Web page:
Avoid prenatal stress

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Stress may be a part of our life to such an extent that we think it is a normal and perfectly acceptable thing. But our bodies disagree. Excessive stress can easily mess up our health at many levels, from disrupting hormone balance and sleep to entirely consuming our lives on a physical and mental level. Stress during pregnancy does not only affect the mother, but the baby as well. In fact, the mental, psychological and emotional state of the mother-to-be is now recognized as a significant factor affecting the short and long-term development of the baby. According to scientific evidence, we have too many reasons to stay relaxed and calm during pregnancy – it really makes a grand difference for our babies…

Prenatal stress affects directly the developing baby

The more stressed the pregnant mother is, the higher the amounts of cortisol (the stress hormone) in saliva, blood and eventually in the amniotic fluid. In other words, stress during pregnancy means that the developing baby forms and grows up in an environment rich in stress hormones, which directly affect it.

There is significant evidence that prenatal stress is associated with earlier delivery and more difficult temperament of the baby, especially in the first few months of life [1]. Abundant levels of cortisol during pregnancy may interfere with the proper physical and emotional development of the baby and to a certain extent can even “program” infant behavior – for the worse that is. More specifically, babies exposed to high cortisol levels weigh less at birth, have more emotional and active temperaments, cry more and their mothers report that they are more difficult to deal with [1,2,3]. Low birth weight is subsequently associated with increased infant fear and distress [2]. But it’s not only that. High levels of prenatal stress and cortisol are also associated with infant delayed mental and motor development [3]. The authors of the study which came up with these shocking results state that:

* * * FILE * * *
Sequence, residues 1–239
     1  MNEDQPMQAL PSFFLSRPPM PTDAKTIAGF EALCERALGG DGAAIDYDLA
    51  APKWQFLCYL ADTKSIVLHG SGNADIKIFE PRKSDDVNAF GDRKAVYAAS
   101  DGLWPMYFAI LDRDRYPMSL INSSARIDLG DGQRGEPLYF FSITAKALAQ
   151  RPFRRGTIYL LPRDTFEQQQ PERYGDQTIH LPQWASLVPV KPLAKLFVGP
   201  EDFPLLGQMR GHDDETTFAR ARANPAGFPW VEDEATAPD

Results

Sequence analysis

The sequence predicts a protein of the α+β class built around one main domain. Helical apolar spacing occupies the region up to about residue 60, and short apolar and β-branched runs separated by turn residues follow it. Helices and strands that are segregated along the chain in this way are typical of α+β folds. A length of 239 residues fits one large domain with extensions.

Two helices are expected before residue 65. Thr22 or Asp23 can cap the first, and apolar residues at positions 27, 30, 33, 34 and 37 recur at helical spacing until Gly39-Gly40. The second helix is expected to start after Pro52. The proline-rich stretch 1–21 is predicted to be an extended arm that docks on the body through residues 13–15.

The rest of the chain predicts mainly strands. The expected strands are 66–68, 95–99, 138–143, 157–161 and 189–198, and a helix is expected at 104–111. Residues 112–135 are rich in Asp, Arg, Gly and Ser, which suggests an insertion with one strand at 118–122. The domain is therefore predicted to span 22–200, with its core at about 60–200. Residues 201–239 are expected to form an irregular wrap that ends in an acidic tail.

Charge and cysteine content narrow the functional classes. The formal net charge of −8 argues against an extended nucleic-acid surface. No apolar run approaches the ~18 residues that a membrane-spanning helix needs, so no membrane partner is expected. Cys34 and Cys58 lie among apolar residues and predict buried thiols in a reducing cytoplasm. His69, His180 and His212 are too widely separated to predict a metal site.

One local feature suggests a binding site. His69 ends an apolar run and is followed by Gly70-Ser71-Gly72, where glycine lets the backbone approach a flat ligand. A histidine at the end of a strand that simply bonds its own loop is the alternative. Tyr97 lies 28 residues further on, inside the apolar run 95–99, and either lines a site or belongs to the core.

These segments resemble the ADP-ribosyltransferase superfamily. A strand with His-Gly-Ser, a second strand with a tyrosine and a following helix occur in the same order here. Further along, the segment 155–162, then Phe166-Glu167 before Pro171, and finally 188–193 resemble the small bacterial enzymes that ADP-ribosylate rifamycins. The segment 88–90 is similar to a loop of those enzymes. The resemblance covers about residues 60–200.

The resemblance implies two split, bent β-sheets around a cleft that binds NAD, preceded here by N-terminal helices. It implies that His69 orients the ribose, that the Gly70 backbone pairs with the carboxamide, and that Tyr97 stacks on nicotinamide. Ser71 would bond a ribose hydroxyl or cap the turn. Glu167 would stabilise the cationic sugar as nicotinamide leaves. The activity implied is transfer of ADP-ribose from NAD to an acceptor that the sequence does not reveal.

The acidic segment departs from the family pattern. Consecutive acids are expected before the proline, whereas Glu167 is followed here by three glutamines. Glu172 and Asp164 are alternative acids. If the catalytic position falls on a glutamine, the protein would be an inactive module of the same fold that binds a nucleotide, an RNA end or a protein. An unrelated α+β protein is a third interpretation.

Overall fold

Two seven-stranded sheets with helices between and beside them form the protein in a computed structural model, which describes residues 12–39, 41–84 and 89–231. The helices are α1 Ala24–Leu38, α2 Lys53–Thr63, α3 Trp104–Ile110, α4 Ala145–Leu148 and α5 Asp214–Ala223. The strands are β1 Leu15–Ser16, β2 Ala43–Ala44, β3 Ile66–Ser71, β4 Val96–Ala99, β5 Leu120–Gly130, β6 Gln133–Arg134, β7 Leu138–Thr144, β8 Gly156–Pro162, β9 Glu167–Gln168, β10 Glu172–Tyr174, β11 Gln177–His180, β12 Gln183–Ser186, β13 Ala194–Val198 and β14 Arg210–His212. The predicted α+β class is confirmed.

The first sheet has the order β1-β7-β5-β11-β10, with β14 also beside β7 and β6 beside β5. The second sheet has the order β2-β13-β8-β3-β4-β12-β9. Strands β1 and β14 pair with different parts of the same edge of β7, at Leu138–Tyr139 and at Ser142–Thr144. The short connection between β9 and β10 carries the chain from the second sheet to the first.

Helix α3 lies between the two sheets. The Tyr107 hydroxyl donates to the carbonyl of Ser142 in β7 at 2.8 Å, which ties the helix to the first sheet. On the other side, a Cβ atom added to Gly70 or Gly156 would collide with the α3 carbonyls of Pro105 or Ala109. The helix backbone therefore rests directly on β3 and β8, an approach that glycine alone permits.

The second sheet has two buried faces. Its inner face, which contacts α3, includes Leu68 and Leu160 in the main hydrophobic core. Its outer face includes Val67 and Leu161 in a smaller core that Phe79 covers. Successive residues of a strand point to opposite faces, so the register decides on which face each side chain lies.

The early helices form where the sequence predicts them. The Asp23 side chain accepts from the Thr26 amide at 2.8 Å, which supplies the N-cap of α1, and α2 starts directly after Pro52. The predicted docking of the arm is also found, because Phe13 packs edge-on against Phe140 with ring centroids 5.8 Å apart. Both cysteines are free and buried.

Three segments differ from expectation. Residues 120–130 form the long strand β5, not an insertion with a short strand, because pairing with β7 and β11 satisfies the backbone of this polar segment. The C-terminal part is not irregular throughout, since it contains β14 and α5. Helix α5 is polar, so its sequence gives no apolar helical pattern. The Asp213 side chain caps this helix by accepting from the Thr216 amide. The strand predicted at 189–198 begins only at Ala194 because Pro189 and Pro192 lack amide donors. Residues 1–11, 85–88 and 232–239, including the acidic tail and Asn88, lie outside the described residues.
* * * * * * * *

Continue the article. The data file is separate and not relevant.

“Increased maternal stress during pregnancy seems to be one of the determinants of temperamental variation and delay of development of infants and may be a risk factor for developing psychopathology later in life”

These unexpected negative effects of prenatal stress are further confirmed by more recent studies, which find that stress and anxiety in pregnancy are associated with reduced reading scores and school achievements in 10 year old girls (but surprisingly not in boys!) [4]. It is possible that the delayed mental and emotional development of infants may be indirectly reflected in the academic performance much later in life. Another piece in the puzzle of prenatal stress is the recent evidence showing that it affects the immune responses in babies [5]. The infants of women, who experienced stressful pregnancies, showed weaker antibody production to Hep B vaccine, showing that their immune system could not respond as it did in infants whose mothers had relaxed pregnancies.

Prenatal Depression

Often anxiety, stress and depression go hand in hand. Prenatal depression has been consistently associated with earlier labor and neuropsychological problems for babies, just like prenatal stress. Research shows that preterm children of mothers who experience depression during pregnancy are at increased risk for anxiety disorders in pre-school age (between 3-6 years old) [6].